The modes available in Future Soldier play a big part in why the online is so enjoyable. The bread and butter of the online community is Conflict, a mode which has objects that must be captured and defended spawning around the map. These constantly moving objectives keep the action moving along nicely. To try to get rid of the lone wolf mentality, taking objectives is the primary way to win the game as they reward your team with many more points that simply getting kills, as well as in-game rewards such as intel on enemy positions and resupply points. That’s right, stop running off like a twonk and getting yourself killed. Yeah, I’m talking to you. Taking your team, teamwork and watching your corners are skills your definitely going to need for Seige, a game mode which has teams taking it in turn to defend an objective while the other team tries to attack it. The catch in Siege is that there’s no respawns, and when it’s just 6v6 multiplayer, that means you really can’t spare anybody, so teamwork is essential. It’s a cool idea for a mode, but one that doesn’t work quite that well because simply eliminating all members of the enemy team will also result in victory, so it usually just comes down to that rather than actually attacking or even defending the objective. Decoy is a rather unusual mode in which the defending team has three objectives to defend against the attackers, but only one of the objectives is actually the real one, with the other two being decoys. The catch is that neither team actually knows which one is the real one. And so hilarity and mayhem insue as everyone runs around like real idiots, which only goes to prove that even with all that tech, military intelligence still gets it bloody wrong! The final mode is Saboteur, which is pretty capture the flag but with bombs, because clearly being impaled by a pointy flag pole just wasn’t dangerous enough for the world of competitive gaming. It’s really a shame that there’s no straight Team Deathmatch mode on offer here, but the modes presented are still great fun to play, and there’s just enough maps to stop if from getting old too quickly, although a few more would have been welcome to keep things interesting. Ah well, inevitable DLC will sort that, I guess.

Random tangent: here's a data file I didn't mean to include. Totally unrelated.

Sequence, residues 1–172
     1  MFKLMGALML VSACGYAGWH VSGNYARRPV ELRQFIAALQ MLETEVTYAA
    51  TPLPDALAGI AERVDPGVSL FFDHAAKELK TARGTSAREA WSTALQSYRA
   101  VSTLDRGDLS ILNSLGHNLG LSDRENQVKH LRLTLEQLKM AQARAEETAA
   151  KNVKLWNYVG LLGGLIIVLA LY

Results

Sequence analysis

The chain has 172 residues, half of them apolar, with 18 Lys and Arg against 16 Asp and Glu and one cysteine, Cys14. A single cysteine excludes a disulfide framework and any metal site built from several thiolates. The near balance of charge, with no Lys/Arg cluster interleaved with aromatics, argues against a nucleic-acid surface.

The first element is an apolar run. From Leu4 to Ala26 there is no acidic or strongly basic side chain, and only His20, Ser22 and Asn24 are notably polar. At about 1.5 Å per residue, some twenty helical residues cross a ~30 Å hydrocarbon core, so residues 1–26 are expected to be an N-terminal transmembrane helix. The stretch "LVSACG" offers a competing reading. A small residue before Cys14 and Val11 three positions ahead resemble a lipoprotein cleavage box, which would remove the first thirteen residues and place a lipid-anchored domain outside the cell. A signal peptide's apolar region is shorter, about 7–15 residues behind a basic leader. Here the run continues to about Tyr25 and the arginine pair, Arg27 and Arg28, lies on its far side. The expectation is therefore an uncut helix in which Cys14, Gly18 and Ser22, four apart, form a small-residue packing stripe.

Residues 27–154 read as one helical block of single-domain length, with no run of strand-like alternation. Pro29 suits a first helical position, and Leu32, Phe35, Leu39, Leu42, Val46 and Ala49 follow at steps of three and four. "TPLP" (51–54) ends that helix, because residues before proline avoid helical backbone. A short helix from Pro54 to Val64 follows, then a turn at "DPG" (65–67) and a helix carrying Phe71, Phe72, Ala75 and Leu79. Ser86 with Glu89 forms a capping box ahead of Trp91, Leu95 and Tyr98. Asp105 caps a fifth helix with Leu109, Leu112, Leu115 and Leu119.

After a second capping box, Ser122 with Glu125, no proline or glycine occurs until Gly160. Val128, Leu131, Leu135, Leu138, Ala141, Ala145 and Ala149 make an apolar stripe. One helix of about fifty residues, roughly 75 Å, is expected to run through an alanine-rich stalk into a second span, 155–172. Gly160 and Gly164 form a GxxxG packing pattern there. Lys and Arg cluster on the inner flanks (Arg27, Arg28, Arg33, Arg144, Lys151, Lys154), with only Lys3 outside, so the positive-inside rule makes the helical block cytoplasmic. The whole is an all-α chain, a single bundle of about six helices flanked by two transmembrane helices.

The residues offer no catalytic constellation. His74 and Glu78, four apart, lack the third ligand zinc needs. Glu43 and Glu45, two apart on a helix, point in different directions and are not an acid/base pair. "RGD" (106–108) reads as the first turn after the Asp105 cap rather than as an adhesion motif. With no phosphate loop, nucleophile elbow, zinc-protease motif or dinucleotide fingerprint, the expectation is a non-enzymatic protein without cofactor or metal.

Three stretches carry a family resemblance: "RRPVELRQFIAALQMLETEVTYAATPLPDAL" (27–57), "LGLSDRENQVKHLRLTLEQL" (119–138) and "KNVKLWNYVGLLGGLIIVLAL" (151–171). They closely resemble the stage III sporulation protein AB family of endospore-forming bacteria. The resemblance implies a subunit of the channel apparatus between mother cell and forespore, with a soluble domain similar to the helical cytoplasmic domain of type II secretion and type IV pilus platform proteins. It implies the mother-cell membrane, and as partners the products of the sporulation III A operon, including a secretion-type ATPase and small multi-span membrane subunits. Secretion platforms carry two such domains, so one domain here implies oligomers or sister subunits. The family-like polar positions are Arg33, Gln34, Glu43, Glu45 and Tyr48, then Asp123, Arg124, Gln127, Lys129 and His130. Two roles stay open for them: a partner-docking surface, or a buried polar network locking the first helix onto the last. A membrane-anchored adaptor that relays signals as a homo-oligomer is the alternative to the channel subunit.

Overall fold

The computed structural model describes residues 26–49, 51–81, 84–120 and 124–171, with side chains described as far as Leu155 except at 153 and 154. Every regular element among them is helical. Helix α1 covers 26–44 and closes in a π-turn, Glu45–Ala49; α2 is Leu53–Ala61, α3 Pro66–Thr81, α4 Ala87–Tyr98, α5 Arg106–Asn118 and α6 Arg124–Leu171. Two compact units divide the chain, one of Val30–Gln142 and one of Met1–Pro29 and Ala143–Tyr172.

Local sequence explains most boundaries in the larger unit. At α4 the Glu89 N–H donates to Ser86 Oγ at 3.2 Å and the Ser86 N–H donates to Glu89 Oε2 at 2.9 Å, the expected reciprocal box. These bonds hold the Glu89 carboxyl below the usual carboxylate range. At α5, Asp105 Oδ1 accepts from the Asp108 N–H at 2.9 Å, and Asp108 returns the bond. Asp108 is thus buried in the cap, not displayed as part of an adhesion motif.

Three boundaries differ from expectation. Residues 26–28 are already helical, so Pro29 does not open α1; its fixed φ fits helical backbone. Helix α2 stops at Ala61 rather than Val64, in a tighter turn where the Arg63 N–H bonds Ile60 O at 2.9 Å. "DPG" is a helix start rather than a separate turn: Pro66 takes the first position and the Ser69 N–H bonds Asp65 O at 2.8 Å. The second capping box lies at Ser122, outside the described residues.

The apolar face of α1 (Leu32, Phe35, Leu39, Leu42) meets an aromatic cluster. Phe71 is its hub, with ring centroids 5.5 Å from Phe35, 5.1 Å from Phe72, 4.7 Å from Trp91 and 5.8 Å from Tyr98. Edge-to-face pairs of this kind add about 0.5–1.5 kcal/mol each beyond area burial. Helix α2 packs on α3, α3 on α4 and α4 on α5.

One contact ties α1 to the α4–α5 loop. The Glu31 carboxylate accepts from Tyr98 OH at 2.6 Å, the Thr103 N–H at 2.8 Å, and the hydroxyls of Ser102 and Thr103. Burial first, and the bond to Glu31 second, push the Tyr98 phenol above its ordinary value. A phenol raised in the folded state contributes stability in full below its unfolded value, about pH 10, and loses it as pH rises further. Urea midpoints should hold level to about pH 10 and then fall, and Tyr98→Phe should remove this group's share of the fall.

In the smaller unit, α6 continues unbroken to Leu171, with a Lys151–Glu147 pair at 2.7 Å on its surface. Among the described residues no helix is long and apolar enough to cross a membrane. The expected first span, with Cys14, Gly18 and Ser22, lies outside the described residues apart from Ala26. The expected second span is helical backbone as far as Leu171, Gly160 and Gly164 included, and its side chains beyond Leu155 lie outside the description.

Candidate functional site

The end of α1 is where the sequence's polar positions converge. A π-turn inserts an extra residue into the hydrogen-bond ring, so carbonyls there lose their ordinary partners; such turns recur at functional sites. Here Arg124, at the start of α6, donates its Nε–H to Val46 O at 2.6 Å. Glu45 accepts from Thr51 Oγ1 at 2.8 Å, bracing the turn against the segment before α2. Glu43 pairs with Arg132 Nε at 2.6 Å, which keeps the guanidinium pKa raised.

Right, so how did I feel about Ghost Recon: Future Soldier? Well, the simply said I loved it. Having said that, hardcore fans of the previous Ghost Recon games may very well feel betrayed by Future Soldiers shift to a more intensive action-game feel, to its more, dare I say this, Call of Duty approach. But accept Future Soldier as an entirely new beast, as a new game simply set inside the Ghost Recon universe, and it’s a great blend of satisfying stealth and fun cover-based shooting that packs a ten-hour campaign with superb pacing and a solid multiplayer offering.
+ Stealthing it up like a pro!
+ Multiplayer is a blast!
+ Ubisoft know how to pace a campaign.
– Guerilla mode feels tacked on.
– inconsistent graphics.
– What’s up with those faces!?
Outstanding in places, but fairly bland in others. It’s strange, but still, it’s a good-looking game in general
Fantastic audio work, some nice soundtrack moments and solid voice acting.
Evil Russians, bombs and globetrotting carnage. Bland story with bland characters
Too forgiving, but the mix of stealth, shooting and gadgetry is hugely compelling.
A ten-hour campaign makes this one of the longest shooters in a while, and the multiplayer should keep you playing for a good while.
The Verdict: 8.5
What more can be said? The game is far from perfect, but the singleplayer is a masterclass in pacing and boasts considerable length while the multiplayer is a compelling mixture of tactics and mayhem. Sure, if you’re a hardcore Ghost Recon fan you may be disappointed by the change in style, but accept this as a change for the franchise and go in to it with an open mind and you should have plenty of fun.